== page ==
# Inherit from Function
# Note that both forward and backward are @staticmethods
# bias is an optional argument
def forward(ctx, input, weight, bias=None):
ctx.save_for_backward(input, weight, bias)
output = input.mm(weight.t())
if bias is not None:
output += bias.unsqueeze(0).expand_as(output)
# This function has only a single output, so it gets only one gradient
def backward(ctx, grad_output):
# This is a pattern that is very convenient - at the top of backward
# unpack saved_tensors and initialize all gradients w.r.t. inputs to
# None. Thanks to the fact that additional trailing Nones are
# ignored, the return statement is simple even when the function has
# optional inputs.
input, weight, bias = ctx.saved_variables
grad_input = grad_weight = grad_bias = None
# These needs_input_grad checks are optional and there only to
# improve efficiency. If you want to make your code simpler, you can
# skip them. Returning gradients for inputs that don't require it is
# not an error.
grad_input = grad_output.mm(weight)
grad_weight = grad_output.t().mm(input)
if bias is not None and ctx.needs_input_grad:
grad_bias = grad_output.sum(0).squeeze(0)
return grad_input, grad_weight, grad_bias
- I am confused why
forward in a tensor. How can
their use will be registered in the graph if the input is just a tensor?
grad_output is a Variable that requires_grad is false.
In my custom autograd, it is quite complex and needs something non-differential operations, so I perform some tricks to make it converge. I am wondering whether the following code is ok.
def backward(ctx, grad_output):
grad_output = grad_output.data
# do something else to get the approximate grad_output
grad_input = Variable(grad_output, requires_grad=False)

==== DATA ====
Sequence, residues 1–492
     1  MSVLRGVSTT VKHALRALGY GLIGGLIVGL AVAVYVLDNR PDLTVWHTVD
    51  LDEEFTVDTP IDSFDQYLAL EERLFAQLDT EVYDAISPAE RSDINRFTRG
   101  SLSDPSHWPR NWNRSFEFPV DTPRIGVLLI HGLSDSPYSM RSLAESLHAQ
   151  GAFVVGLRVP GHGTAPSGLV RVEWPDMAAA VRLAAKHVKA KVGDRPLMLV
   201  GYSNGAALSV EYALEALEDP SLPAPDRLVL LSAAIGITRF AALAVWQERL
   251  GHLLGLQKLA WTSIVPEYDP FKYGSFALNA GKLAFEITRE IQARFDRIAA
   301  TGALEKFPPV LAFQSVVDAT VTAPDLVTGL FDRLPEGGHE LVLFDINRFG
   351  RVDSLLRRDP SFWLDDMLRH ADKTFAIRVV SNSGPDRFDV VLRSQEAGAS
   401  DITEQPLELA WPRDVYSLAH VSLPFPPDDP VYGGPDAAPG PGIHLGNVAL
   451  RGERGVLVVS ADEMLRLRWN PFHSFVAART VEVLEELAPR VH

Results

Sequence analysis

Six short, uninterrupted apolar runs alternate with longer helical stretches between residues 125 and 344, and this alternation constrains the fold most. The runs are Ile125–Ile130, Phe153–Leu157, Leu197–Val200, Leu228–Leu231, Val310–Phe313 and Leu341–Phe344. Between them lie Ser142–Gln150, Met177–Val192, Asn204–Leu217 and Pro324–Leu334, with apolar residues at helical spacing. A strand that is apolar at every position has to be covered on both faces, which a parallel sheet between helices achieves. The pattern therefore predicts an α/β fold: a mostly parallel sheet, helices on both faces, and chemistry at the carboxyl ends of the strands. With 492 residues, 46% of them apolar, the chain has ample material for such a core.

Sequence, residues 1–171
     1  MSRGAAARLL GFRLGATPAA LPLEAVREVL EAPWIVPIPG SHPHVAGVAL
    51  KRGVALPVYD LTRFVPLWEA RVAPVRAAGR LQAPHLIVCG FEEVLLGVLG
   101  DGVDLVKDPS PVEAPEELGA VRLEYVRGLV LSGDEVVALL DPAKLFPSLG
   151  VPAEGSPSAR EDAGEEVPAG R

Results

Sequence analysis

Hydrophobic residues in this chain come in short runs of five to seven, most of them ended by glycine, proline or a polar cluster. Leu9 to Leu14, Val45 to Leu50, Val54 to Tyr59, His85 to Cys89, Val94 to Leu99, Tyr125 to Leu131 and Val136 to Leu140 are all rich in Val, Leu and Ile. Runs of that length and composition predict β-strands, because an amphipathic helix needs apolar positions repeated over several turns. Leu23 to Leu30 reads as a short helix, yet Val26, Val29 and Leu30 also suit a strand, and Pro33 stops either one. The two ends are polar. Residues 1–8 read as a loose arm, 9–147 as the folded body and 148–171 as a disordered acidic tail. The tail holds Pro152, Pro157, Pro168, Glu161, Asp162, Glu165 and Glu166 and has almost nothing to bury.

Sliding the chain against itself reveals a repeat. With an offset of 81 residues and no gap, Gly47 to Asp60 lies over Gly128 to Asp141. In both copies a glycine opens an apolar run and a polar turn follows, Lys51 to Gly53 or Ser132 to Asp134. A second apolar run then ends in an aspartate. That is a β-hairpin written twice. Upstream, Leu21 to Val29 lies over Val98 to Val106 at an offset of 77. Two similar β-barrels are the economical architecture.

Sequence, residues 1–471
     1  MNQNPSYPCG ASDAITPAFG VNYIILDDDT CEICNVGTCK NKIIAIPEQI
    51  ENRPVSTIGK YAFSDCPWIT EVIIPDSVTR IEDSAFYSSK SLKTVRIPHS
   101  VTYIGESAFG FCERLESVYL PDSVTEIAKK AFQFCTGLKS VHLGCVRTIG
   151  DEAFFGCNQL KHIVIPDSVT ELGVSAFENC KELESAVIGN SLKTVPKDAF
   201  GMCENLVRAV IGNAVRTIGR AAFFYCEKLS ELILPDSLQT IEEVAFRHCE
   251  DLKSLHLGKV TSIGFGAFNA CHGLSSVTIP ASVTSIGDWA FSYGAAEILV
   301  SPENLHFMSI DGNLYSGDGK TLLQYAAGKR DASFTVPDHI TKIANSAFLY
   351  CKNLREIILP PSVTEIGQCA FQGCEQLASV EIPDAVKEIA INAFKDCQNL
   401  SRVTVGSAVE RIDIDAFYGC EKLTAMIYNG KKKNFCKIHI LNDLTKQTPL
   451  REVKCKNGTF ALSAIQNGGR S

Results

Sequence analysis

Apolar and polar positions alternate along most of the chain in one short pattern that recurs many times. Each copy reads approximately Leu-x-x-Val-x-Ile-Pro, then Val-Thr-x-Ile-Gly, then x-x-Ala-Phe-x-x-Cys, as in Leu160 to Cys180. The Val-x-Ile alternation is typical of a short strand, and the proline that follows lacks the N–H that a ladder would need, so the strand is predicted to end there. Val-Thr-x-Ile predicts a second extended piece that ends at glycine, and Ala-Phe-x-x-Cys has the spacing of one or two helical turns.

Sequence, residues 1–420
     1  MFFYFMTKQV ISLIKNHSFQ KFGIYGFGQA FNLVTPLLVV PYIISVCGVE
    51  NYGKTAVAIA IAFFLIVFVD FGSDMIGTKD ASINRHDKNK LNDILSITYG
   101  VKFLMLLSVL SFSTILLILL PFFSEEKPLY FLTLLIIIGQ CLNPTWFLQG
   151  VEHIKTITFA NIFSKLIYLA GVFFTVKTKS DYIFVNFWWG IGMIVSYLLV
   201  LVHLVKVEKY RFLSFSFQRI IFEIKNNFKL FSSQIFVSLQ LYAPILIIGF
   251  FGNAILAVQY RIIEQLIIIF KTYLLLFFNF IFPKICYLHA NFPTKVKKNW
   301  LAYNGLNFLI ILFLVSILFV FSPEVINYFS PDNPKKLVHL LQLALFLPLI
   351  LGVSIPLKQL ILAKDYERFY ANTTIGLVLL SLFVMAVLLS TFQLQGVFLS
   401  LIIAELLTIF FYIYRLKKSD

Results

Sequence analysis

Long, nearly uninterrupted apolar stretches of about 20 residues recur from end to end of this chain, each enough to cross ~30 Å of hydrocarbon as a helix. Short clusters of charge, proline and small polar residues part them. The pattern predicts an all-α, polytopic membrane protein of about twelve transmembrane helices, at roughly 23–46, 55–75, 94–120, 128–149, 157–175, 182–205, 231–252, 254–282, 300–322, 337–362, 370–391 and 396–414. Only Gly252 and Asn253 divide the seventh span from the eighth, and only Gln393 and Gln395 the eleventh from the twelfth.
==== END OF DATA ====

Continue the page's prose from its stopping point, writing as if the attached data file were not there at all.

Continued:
I do as you told. However, it gives the error message:
NameError: name 'oncedifferentiable' is not defined.
Sorry, small typo, it is
once_differentiable that you can import with
from torch.autograd.function import once_differentiable.
@once_differentiable on the top of
@staticmethod, the error
TypeError: 'staticmethod' object is not callable occurs.
Swap the two decorators.
You can see here how it is used.
Weird, when I do this, the param
grad_output becomes a Tensor instead of
requires_grad is false.
Ho I forgot it was doing the unpacking for you so that you donc need to deal with
Variables. My bad. I edited my answer above.
grad_input has been turned into a tensor in my custom layer, then it will be transformed to Variables when gets to the former layer?
Yes, as you got a Tensor as input, you should return a Tensor.
I am still a bit confused. For normal autograd operations, since we have return the corresponding gradient such as
grad_input as a Variable. Why do we need to make sure that we have created the proper graph? We can directly assign the
grad_input to the variable
input. It seems it has nothing to do with whether the graph is proper.
If your backward function does not have the
once_differentiable decorator and does not create a proper graph in the backward function, then all higher order derivatives will be wrong. You have helper functions here and here if you want to check your first and second order derivatives implementation with finite differences.
Thank albanD! You really help me!